Third, require gun locks and safe gun storage. When someone is suicidal (or homicidal) the trigger lock or secure gun case can give a moment of pause, perhaps long enough for the moment of danger to pass. Not to mention making it harder for a thief to turn your own weapon against you.
Finally, collect information statewide on where crime guns are being purchased. Many gun dealers follow the rules but some flaunt the rules knowing the ATF only inspects each dealer on average every 22 years. Seattle is already using local gun-trace data to identify the source for gun traffickers and “straw purchasers” (people who buy guns for people who aren’t allowed to). Collecting this information across the state will help law enforcement agencies in all of our communities target the bad players.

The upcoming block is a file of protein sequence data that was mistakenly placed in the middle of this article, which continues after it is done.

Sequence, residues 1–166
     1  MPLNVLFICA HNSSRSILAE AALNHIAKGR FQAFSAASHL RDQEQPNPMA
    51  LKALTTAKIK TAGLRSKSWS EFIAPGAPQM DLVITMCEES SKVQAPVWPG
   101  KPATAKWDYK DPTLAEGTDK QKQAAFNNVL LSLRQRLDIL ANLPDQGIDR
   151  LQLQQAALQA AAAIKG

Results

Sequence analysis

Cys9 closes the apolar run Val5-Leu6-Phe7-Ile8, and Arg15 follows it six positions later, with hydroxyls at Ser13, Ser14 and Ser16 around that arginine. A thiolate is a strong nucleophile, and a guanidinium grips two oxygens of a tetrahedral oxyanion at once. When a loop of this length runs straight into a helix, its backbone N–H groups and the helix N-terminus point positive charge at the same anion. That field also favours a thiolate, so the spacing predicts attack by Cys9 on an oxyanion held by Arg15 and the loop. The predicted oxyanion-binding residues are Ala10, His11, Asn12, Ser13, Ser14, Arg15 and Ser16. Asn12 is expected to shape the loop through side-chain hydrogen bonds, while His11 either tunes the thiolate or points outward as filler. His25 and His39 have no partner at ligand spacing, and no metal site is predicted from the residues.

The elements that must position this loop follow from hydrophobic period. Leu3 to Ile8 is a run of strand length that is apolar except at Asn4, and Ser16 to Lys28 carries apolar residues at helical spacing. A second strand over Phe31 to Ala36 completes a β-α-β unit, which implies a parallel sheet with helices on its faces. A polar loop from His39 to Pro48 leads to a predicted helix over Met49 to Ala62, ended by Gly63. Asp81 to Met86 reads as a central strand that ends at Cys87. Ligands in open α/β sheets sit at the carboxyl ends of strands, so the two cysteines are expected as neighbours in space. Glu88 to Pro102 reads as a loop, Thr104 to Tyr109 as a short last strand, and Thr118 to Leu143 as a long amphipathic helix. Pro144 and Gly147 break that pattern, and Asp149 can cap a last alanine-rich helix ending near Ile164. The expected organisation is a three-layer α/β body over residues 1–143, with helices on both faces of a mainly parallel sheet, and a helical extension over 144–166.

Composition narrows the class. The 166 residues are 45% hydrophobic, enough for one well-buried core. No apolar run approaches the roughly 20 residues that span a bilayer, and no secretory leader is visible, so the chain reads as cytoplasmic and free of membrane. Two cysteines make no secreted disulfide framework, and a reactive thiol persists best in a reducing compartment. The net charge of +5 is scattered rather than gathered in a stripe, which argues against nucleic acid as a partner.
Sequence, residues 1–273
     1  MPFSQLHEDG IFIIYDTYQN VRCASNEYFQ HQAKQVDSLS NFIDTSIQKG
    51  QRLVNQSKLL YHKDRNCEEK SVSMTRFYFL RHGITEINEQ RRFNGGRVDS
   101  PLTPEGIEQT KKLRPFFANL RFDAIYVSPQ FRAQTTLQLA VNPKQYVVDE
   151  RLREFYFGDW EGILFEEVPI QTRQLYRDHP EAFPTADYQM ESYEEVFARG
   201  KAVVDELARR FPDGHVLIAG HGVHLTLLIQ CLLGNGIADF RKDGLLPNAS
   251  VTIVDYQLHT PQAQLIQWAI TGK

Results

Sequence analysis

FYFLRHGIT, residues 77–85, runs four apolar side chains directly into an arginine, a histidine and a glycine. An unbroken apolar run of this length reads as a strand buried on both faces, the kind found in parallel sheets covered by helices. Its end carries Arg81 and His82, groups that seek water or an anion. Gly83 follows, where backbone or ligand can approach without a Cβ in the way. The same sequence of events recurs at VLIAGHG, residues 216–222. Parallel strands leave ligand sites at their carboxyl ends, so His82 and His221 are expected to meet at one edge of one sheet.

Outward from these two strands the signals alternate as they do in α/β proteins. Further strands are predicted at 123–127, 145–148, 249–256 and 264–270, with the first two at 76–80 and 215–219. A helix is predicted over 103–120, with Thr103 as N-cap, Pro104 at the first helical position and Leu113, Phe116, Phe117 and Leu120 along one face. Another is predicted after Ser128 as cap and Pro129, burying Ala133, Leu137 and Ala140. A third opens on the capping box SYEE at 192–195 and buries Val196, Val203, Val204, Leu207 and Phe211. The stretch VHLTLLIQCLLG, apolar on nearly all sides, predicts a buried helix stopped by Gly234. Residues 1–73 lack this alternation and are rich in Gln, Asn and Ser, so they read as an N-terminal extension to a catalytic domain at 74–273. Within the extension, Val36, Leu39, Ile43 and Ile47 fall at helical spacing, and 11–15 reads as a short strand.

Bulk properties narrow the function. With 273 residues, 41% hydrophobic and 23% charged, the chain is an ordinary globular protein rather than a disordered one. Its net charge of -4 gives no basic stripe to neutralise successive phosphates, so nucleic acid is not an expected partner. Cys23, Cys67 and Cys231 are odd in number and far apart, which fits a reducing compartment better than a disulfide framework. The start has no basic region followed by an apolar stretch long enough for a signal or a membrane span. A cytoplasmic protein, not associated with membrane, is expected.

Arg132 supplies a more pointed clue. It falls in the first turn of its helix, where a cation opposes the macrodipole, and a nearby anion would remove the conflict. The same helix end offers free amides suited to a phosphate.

Would any of these steps have prevented the tragedy on Capitol Hill? We can’t say. But we do know that taken together, these commonsense steps will save innocent lives from being lost to gun violence on the streets in our communities.
It is long past time our leaders in Olympia take a stand against the spread of illegal guns in our state. Let your legislators know that it is time to give our communities the tools we need to make our streets and neighborhoods safer.
We can’t keep answering the question of gun violence with a shrug. We can make a difference. All it takes is the will. We can take the first common sense step by voting for Initiative 594.